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MEPS
Marine Ecology Progress Series

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MEPS 626:227-231 (2019)  -  DOI: https://doi.org/10.3354/meps13078

OPINION PIECE
White blood of the Antarctic icefish: Why?

Vladimir Laptikhovsky*

Cefas, Pakefield Rd, Lowestoft NR33 0HT, UK
*Corresponding author:

ABSTRACT: The Antarctic icefish subfamily Channichthyinae have evolved a range of unique physiological adaptations that permit them to exist without the oxygen-transporting haemoglobin proteins, and some species even lack the intracellular oxygen-binding protein myoglobin. These physiological adaptations have been the subject of numerous studies, but the simple problem of why this group lost such a valuable adaptation during their evolutionary history has never been addressed. Here, I hypothesise that it happened during a period of iron deficiency in the Southern Ocean after the Antarctic ecosystem acquired its recent oceanographic properties. A lower dependence on dissolved iron in this new environment probably gave some evolutionary advantages to fish species that did not require this element in essential amounts for their physiological needs.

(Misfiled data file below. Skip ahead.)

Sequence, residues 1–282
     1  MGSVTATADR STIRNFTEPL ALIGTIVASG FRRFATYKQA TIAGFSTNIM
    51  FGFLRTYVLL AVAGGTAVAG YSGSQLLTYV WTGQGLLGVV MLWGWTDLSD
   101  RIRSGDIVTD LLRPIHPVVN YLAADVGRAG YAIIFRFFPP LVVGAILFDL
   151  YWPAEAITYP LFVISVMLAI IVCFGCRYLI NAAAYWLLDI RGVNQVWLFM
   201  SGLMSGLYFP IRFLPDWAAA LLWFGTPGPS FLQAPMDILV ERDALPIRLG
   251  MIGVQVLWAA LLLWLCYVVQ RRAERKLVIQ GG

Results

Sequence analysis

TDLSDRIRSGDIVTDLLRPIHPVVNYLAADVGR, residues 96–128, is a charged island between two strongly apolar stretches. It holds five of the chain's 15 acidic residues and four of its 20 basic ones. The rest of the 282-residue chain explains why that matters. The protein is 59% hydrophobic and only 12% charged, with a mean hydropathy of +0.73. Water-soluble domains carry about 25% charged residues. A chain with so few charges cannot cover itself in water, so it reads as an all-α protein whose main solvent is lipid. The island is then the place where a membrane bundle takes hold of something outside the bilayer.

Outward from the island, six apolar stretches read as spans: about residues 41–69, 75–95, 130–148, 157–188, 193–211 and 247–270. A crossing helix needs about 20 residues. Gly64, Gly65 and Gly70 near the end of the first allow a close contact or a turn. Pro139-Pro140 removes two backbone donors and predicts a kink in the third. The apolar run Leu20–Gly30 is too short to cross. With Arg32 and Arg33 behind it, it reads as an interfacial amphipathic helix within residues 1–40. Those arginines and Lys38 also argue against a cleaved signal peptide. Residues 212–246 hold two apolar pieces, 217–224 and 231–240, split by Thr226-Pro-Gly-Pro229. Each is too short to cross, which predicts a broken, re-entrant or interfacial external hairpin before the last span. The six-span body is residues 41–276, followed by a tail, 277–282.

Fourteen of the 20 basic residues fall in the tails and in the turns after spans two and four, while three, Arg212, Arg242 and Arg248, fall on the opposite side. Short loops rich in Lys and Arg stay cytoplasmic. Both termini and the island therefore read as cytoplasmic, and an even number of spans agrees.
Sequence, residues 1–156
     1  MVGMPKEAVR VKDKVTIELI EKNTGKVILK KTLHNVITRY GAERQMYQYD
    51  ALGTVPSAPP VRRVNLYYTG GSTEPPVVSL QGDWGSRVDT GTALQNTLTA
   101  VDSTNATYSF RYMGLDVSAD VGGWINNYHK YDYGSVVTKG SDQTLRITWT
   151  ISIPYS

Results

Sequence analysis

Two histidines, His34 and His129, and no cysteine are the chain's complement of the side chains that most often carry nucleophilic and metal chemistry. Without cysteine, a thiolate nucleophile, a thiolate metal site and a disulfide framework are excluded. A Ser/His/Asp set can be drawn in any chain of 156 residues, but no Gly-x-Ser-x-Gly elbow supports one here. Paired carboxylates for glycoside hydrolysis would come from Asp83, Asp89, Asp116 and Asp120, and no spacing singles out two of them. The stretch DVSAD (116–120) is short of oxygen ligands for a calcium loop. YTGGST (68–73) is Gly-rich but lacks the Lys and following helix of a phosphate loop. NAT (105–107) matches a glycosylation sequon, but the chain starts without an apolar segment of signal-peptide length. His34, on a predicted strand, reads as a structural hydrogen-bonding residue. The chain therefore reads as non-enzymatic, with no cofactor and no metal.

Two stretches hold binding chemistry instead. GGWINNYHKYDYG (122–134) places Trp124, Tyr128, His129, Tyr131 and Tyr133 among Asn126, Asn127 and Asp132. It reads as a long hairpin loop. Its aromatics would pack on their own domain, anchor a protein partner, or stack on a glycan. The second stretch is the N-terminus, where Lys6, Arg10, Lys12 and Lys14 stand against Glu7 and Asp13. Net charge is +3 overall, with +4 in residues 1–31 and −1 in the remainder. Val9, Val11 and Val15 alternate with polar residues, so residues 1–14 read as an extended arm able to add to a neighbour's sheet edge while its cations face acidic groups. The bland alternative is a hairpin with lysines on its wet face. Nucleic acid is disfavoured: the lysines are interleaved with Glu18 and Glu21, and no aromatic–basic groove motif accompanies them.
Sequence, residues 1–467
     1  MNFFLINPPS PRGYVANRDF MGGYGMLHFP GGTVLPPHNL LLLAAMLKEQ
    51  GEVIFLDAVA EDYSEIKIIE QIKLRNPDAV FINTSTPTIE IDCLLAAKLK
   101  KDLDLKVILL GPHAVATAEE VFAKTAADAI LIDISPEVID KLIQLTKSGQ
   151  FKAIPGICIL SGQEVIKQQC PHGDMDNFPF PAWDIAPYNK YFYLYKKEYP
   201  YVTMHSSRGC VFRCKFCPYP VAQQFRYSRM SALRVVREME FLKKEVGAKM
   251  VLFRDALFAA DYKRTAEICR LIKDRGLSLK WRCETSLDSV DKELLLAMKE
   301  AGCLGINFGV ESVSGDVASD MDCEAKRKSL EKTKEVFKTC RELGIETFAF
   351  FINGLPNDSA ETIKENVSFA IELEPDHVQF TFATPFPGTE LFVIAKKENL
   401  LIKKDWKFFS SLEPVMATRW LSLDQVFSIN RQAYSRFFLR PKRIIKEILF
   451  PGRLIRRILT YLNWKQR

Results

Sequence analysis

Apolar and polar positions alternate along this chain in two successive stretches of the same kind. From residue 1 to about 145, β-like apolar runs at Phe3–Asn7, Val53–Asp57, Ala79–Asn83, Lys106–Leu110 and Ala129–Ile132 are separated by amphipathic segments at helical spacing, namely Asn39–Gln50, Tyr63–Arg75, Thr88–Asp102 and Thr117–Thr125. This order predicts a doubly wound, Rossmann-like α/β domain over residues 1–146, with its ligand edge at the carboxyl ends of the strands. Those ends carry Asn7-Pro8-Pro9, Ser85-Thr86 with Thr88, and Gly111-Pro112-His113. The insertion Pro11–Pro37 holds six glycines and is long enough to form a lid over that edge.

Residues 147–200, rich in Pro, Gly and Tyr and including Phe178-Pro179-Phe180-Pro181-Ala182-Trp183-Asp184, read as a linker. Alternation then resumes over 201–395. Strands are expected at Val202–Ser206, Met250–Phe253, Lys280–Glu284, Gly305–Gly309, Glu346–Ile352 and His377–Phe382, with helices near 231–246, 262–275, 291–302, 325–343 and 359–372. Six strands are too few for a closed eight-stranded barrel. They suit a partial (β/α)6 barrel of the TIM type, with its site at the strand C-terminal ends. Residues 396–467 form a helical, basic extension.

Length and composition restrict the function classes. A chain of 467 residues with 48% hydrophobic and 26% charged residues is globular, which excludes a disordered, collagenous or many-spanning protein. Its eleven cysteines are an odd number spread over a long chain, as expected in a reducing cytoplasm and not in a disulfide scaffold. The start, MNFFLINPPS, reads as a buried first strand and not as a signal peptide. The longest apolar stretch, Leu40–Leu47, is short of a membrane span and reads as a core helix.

KEY WORDS: Icefish · Channichthyinae · Haemoglobin · Antarctic · Evolution


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Cite this article as: Laptikhovsky V (2019) White blood of the Antarctic icefish: Why?. Mar Ecol Prog Ser 626:227-231. https://doi.org/10.3354/meps13078

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